The updated trail will also allow for ecological improvement. As foot traffic within the trail increases, the soil is compacted. When rainwater reaches the trail, it’s unable to drain, which can potentially lead to erosion and tree uprooting.

Senior Adriana Del Grosso, environmental science major, has occasionally worked on the Boothroyd trail this semester. She said that working outdoors with fellow ICNL members has allowed her to form relationships with others.

“Especially with things like the trail work we’ve been doing, it’s great to get out there in the woods with people you have classes with,” she said. “It’s a good bonding thing.”

Passing down a project

Del Grosso said that she was able to dip her feet into multiple projects because the ICNL courses are catered to student’s interests. The ICNL courses she took, she said, are not required for her major, but they have offered a good supplement to what she’s learned in classes.

“It’s kind of nice having a smaller commitment, for me, instead of a full-blown research project,” she said. “I’ve had a good experience sampling different projects.”

In addition to the Boothroyd trail project, Del Grosso is currently working on a deer enclosure project, which tracks the animals and keeps them safe within certain perimeters, and the Big Tree project, where ICNL members map out tree growth, width and canopy area of the trees within the Natural Lands.

While Del Grosso juggles multiple smaller projects, she said that a lot of her focus is going toward the Natural Lands’ repeat photo project: a photo gallery, updated monthly, which shows environmental changes over time.

“It’s based on a map that marks the different photo points,” Del Grosso said. “They seemed to post most of the picture sites in locations where you’d expect to see a lot of changes.”

Del Grosso said she was previously using repeat photography for personal research, so she jumped on the opportunity to be part of the school’s photo project as junior Oscar Mayer, environmental studies major, finished his part of the project for the summer.

“I wanted to use three-feet photography to study vegetation growth,” she said. “Since I was already interested in repeat photography, I wanted to know how that worked, like, the process behind it. Because [the project] was already ongoing, and the people who started it had graduated, it worked out.”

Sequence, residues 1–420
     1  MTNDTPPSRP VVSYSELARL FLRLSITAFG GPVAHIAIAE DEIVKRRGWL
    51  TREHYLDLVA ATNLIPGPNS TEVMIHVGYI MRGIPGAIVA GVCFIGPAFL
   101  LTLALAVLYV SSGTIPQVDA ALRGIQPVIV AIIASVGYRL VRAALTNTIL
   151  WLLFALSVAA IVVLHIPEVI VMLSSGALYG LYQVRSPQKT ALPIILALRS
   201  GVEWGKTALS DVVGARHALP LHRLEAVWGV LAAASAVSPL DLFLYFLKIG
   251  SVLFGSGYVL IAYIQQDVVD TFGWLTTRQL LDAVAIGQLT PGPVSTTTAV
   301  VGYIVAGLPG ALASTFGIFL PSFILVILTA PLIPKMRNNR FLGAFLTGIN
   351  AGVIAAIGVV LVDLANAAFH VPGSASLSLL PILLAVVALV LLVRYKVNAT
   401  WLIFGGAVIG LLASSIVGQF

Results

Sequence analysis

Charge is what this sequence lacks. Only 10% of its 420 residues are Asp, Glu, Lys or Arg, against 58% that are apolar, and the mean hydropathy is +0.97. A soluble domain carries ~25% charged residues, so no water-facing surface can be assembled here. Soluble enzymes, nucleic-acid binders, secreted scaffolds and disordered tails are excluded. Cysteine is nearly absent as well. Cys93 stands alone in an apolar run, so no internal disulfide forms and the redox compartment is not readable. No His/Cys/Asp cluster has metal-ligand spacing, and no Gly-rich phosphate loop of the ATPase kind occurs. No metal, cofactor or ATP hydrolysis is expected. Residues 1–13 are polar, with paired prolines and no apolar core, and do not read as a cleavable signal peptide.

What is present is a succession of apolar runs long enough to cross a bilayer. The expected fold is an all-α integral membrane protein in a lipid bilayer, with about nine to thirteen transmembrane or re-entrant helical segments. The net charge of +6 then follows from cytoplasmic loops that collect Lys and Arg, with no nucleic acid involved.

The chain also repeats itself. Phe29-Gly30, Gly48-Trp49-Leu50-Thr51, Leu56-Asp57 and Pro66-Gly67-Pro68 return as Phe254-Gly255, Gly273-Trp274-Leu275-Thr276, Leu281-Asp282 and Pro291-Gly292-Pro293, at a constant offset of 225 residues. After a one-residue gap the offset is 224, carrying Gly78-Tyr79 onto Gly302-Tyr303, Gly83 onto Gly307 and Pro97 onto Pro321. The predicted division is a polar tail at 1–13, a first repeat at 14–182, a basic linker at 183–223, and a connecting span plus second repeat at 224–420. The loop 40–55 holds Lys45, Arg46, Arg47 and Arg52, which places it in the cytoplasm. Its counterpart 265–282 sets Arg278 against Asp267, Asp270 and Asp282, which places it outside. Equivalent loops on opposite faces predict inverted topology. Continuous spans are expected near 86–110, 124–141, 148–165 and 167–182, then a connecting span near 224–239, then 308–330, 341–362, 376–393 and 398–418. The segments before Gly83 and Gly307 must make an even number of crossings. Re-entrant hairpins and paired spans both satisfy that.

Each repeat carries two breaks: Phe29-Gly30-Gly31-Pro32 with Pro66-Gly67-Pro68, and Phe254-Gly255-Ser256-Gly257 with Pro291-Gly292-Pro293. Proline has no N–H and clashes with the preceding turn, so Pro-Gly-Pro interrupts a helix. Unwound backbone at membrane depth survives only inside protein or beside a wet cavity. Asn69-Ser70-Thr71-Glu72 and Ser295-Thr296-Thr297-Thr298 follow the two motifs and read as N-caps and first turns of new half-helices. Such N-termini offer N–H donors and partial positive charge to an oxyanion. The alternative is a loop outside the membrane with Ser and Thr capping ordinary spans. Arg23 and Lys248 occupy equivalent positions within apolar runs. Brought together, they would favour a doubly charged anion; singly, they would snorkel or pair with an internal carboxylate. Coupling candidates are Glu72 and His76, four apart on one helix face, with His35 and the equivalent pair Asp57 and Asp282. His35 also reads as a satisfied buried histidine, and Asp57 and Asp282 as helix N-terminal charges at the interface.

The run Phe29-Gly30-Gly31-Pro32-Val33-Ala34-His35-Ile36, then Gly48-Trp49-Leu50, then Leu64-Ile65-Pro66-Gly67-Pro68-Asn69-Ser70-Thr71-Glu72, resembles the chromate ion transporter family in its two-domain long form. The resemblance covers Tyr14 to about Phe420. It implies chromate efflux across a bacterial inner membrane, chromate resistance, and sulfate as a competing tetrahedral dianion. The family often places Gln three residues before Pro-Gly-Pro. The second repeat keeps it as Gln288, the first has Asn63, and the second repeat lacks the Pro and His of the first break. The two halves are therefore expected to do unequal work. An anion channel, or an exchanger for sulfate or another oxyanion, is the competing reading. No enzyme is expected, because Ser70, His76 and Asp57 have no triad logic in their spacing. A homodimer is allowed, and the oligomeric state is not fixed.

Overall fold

Mayer, who worked as a paid manager of the Natural Lands this past summer, said the project focuses on naturally occurring environmental changes.

“What we’re tracking — and this is really interesting — is that it’s almost entirely natural causes we’re observing,” he said. “So, it’s more about that, and that’s why this area was picked. If we viewed a different section of South Hill, we’d probably see a lot more human-caused changes.”

Linking students and nature

Mayer, who has been involved with the Natural Lands since summer 2015, said the ICNL was a draw for him when he applied to the college. Mayer said the Natural Lands creates an intimate connection between humans and nature.

“Not many other colleges can boast something like that,” he said. “I immediately jumped at the opportunity to help out and I had a really good time.”

For two years, Mayer has been involved in the Japanese Stiltgrass research project, a longterm assignment where students take two months at a time to study where Japanese stiltgrass, an invasive species, is located within the natural lands. Mayer said the project has been going on for seven years.

Mayer is also involved in the Red Flag monitoring project, which was started by the Community Science Institute, a local organization that aims to monitor environmental changes. ICNL members sample water from six sites and send the data to the CSI.

“Engaging with the natural environments around us tends to promote our own well-being and inspire pro-environmental behaviors, as well,” Brenner said.

Stuart-Sikowitz said that while people often associate this kind of work with dull experiences, she feels very stimulated during work.

“It doesn’t feel like a chore,” she said. “We’re all so close — we all laugh and work. It’s fun. Manual labor is ecstatic because you get to use your brain while you use your body.”

More information about the Natural Lands and how to get involved can be found here: http://www.icnaturallands.com/visit/.